Qatar’s sovereign wealth fund sees growing investment opportunities in the world of private credit, joining the likes of SoftBank Group Corp. and BlackRock Inc. in touting the $1.5 trillion market. 

The $450 billion Qatar Investment Authority has been “very active in the credit space” over the past two years and is keen to do more as companies with good business models struggle with the double whammy of high interest rates and low liquidity,” chief executive officer Mansoor Al Mahmoud said in a panel at the Qatar Economic Forum in Doha.

“Normally, an institution like us, who are very liquid, have a very long-term risk appetite for these type of investments,” he said. “I would advise for the next one year that the credit space is an interesting place to deploy some investments.”

Private lending has been gaining traction over the past few years as investment banks and traditional debt investors pulled back from leveraged debt amid fears around rate rises and an economic slowdown. 

Investors seeking higher yields have poured money into the asset class, turning private credit into a thriving market. More recently, the industry has been booming as lending conditions became even tighter in the wake of Silicon Valley Bank’s failure and the Credit Suisse Group AG crisis.

In the U.S., some of the biggest names in private investing including Apollo Global Management Inc., Blackstone Inc. and Carlyle Group Inc. have angled for openings as regional lenders came under pressure. In Japan, SoftBank is working on plans to become a lender in the world of private credit, Bloomberg reported this week.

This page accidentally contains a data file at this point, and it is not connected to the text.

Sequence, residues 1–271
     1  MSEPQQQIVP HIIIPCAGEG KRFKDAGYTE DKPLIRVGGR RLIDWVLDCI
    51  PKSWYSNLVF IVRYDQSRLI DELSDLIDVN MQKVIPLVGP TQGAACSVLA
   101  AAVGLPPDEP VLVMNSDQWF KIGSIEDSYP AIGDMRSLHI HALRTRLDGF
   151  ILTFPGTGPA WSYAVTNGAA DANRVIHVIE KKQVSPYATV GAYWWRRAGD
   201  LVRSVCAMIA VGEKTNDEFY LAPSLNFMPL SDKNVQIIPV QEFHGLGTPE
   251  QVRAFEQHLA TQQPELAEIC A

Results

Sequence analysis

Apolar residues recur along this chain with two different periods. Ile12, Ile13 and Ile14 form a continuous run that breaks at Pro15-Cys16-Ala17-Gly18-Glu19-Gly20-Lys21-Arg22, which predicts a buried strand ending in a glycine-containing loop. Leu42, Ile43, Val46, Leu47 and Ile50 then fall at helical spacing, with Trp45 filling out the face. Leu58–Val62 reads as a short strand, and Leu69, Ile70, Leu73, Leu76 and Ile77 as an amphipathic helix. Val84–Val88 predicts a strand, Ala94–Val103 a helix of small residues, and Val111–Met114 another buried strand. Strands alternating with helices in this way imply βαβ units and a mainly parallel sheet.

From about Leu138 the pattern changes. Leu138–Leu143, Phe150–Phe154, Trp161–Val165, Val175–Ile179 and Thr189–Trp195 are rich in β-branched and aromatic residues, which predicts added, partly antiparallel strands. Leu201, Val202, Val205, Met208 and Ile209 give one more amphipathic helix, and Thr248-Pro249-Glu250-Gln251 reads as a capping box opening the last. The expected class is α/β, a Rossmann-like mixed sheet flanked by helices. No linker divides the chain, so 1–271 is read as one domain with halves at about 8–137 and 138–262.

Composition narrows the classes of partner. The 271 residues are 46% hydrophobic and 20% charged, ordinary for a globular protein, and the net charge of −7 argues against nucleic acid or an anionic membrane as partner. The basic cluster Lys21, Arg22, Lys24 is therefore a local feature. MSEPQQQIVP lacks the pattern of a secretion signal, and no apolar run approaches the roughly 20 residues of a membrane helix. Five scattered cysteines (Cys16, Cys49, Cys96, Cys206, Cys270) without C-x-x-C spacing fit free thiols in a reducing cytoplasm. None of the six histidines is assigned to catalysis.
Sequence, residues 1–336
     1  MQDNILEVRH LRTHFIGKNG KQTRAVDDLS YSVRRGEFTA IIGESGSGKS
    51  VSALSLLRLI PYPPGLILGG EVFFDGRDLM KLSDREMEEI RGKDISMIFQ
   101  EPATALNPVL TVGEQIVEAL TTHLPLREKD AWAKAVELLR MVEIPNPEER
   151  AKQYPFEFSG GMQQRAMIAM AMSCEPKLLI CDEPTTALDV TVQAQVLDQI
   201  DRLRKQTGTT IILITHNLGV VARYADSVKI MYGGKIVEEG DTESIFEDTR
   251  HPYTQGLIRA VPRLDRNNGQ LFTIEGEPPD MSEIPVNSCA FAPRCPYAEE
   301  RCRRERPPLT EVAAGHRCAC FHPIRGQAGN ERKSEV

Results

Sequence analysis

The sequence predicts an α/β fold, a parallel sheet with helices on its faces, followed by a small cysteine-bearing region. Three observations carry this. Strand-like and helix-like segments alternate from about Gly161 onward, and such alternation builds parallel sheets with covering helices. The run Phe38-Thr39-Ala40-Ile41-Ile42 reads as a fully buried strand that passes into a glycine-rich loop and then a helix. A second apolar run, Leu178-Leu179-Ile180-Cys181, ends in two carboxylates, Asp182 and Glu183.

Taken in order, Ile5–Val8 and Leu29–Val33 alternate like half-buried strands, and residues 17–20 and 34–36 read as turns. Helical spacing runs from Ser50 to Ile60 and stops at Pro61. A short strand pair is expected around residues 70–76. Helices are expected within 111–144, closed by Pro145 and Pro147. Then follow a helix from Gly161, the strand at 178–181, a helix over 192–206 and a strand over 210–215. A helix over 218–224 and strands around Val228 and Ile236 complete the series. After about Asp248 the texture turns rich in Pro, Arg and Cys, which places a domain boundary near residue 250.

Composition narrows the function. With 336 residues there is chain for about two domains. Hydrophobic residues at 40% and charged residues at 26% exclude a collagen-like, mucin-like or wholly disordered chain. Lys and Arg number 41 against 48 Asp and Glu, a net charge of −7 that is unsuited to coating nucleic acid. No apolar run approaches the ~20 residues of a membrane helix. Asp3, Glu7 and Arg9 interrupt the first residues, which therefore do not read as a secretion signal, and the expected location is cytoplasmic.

In the oil-rich Gulf region, sovereign wealth funds — like the QIA — have also been increasingly looking at private credit, providing further evidence of the market’s rapid growth.

Apollo in January formed a joint venture with Abu Dhabi sovereign wealth fund Mubadala Investment Co. to lend about $2.5 billion over the next five years. It also provided $750 million of senior secured private debt for Mumbai International Airport Ltd. last year.

Separately, Al Mahmoud said he’s not concerned about the fund’s exposure to the global financial sector after the turmoil at Credit Suisse and the collapse of four U.S. lenders. The QIA, a long-term backer of the Swiss bank, saw the value of its holding crash just months after upping its stake. 

“The banking sector is based on confidence. Whatever you do to your balance sheet, if you lose that confidence you can collapse,” he said. “Just because of what happened with Credit Suisse it doesn’t mean that all banks will have that issue. We are a very mature institution and managing the risk and expecting the risk is part of our job and part of our bread and butter.”

The government of the State of Qatar is the underwriter of the Qatar Economic Forum, Powered by Bloomberg.